However, many in southern Colorado acknowledge that buyers from New Mexico and Texas make up the bulk of their customers. With that comes a lingering concern that they may start shopping in New Mexico instead.
Dustin Sisneros, who works at High Valley dispensary in Antonito, Colorado, just across the state line, estimates that 60% of his customers come from New Mexico. While he expects a hit to revenues, he thinks such towns as Trinidad and Durango, which have dozens of dispensaries, will feel the impact even more.
“We are concerned,” Sisneros said.
For Ultra Health CEO Duke Rodriguez, that kind of impact is all part of the plan.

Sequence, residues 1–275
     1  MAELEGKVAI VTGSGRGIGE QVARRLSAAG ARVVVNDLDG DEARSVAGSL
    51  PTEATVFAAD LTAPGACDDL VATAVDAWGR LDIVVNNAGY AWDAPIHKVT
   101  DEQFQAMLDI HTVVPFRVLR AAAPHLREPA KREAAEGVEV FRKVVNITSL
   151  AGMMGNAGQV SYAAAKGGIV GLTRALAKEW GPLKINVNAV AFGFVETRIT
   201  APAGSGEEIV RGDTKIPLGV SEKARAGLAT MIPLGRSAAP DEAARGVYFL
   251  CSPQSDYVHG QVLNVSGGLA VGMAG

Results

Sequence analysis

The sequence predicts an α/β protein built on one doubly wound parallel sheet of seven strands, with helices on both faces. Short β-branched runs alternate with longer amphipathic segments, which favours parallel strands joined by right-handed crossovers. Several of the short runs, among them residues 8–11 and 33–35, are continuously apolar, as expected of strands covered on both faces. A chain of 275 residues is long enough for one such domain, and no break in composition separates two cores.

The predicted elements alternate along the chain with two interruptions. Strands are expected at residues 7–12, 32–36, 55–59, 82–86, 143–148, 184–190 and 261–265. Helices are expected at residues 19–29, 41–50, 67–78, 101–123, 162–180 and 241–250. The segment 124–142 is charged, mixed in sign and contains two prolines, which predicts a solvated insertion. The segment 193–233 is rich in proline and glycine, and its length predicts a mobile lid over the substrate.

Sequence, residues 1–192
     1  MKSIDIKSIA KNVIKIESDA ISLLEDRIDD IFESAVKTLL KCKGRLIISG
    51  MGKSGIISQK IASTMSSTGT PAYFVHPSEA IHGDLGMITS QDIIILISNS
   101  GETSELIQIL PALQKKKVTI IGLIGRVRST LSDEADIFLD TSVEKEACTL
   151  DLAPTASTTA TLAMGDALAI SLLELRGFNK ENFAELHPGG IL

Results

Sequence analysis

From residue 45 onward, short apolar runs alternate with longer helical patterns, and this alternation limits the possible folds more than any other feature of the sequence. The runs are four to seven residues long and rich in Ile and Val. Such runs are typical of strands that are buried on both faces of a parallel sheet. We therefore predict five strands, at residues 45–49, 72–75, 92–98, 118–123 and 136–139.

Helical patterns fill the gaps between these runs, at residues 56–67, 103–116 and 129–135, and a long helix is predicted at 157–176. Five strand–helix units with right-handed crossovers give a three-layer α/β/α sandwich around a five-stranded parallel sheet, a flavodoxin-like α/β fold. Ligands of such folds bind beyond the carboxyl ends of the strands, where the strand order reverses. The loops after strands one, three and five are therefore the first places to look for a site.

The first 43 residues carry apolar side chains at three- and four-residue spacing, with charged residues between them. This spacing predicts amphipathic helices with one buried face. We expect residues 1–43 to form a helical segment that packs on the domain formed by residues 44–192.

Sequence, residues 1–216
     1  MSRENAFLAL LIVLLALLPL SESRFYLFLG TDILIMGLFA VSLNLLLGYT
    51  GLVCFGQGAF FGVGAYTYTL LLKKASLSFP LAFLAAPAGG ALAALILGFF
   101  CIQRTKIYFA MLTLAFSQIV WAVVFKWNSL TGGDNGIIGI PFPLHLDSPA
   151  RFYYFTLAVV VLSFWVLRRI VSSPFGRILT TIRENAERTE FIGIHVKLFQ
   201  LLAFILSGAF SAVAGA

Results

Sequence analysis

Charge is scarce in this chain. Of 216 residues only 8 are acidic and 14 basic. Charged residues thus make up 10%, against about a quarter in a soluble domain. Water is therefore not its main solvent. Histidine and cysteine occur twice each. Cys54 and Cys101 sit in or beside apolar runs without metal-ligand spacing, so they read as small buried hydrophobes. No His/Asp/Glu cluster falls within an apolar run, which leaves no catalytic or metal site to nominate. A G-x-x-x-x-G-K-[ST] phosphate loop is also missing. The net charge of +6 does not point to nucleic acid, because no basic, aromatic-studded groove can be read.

Rodriguez, who oversees about two dozen dispensaries across New Mexico, said his company will attempt to cater to New Mexicans and Texans who would normally travel to Colorado for cannabis.
“It’s more than a hope – we fully intend to impact the need for New Mexico residents to cross into Colorado,” he said.
Part of that strategy mimics that of Trinidad and other southern Colorado towns. In recent years, Ultra Health has set up dispensaries in such border towns as Clovis, Clayton and Sunland Park, all of which typically cater to those traveling to and from Texas.
Rodriguez estimates Texans will eventually account for 42% of New Mexico’s recreational cannabis market.
But legalization has raised concerns that they will buy cannabis in New Mexico only to transport it back to their home state, where it’s still illegal.
Rodriguez said his company is aware that some customers will most likely take cannabis across state lines.